Bruce George Peter Lee
"Street of hate"
Despite being England's 10th largest city, the Northeastern city of Hull is geographically somewhat out on a limb, one of those places most people rarely have cause to travel through, and which rarely distinguishes itself. The area of Hull where the fire took place, around half a mile west of the city center was a poor, run down area, and much of its community spirit had been eroded down the years due to the poverty, unemployment and crime that had been spreading ever since the city's decline as a major fishing port had set in during the early 1970s.
Nevertheless, Det Supt. Sagar was surprised at how reluctant the area's residents were to offer his officers any help with their enquiries, and shocked at the level of animosity they expressed toward the Hastie family despite the tragic events of that night.
Then again, the Hasties were a family whose reputation preceded them. When he had been woken in the early hours to be told there was a fire at "the Hastie family's house," Sagar hadn't needed any more information despite the fact there were probably 20 families of that name in the city. The Hasties they spoke of were well known to local police. The father, Tommy Hastie, was a habitual petty criminal, who at the time was five months into a jail sentence for burgling a nearby sports club along with his eldest son, the latest in a long string of offences for which he had been convicted.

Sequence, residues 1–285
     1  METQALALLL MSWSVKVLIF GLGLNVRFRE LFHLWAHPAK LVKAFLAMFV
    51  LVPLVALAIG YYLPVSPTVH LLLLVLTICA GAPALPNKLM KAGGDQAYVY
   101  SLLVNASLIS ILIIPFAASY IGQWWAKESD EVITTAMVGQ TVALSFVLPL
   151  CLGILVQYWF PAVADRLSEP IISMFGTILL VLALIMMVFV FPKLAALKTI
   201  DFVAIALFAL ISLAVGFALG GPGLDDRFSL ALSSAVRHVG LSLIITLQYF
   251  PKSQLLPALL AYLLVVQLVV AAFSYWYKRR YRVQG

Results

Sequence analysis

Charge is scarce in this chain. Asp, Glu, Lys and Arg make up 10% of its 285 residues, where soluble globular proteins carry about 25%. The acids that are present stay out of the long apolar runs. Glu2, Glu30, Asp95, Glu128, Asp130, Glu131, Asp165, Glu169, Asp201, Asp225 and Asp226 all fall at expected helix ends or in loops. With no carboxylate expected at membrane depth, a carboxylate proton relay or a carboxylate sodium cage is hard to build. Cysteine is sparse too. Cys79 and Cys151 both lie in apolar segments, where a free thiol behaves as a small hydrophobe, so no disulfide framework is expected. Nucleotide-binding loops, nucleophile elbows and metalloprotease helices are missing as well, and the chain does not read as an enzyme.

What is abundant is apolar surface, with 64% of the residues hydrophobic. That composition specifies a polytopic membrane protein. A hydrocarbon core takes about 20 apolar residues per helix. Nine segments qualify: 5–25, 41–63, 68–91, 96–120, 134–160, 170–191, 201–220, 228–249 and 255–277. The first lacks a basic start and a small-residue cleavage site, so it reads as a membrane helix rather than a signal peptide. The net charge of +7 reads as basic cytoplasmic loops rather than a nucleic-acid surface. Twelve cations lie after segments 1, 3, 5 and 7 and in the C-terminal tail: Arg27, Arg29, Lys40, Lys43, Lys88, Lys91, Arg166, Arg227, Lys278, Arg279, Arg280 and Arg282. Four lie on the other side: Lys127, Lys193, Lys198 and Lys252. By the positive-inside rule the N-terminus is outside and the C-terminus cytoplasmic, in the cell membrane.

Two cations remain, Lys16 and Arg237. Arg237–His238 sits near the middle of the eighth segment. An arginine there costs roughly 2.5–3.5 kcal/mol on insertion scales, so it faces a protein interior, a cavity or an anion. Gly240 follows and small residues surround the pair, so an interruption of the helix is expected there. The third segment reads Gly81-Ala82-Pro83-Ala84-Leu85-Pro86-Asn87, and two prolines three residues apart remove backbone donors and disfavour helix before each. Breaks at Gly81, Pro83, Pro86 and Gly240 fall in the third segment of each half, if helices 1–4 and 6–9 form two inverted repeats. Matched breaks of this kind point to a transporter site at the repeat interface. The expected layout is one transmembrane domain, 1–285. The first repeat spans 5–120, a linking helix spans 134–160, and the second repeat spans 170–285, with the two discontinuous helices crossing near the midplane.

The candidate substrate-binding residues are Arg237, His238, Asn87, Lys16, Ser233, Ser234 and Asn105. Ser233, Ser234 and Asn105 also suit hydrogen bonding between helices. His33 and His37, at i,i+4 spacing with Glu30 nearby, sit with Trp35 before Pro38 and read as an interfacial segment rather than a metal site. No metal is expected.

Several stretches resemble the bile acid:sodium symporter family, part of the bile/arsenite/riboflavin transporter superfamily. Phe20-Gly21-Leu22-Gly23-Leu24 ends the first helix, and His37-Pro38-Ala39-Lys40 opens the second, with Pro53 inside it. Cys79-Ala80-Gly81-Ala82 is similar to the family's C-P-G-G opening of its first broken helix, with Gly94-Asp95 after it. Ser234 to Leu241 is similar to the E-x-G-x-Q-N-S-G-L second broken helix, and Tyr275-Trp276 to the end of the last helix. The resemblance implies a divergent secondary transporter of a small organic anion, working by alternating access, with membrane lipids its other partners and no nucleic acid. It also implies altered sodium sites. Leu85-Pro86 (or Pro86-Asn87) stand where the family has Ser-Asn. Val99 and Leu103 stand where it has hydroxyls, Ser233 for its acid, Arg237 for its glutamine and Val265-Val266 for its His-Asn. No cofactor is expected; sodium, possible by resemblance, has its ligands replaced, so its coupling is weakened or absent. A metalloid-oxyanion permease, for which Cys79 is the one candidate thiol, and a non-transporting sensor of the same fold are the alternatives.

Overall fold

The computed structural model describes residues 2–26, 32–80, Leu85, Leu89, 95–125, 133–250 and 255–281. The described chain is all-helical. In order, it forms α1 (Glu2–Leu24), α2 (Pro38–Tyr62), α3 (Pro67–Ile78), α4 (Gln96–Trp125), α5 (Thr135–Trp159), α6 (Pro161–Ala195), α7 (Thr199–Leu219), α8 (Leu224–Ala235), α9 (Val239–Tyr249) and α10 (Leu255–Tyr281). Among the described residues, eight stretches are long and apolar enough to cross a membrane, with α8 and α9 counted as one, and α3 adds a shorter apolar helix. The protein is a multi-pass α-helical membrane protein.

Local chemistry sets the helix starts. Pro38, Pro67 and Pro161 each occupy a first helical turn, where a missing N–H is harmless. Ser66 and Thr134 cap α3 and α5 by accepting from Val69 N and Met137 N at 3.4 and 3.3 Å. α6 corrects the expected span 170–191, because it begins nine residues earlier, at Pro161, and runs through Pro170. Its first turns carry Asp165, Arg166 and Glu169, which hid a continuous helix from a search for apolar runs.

The fact that he was happy for his son to be his partner in crime might help explain why the younger members of the Hastie clan had become notorious for running riot around the neighborhood. Barely a day went by without the police being called to another incident involving them stoning elderly residents, vandalizing local amenities and smashing up neighboring houses. They urinated through letterboxes, defecated on doorsteps and robbed local children of their pocket money. Sometimes it appeared that the Hasties were a one-family crime wave.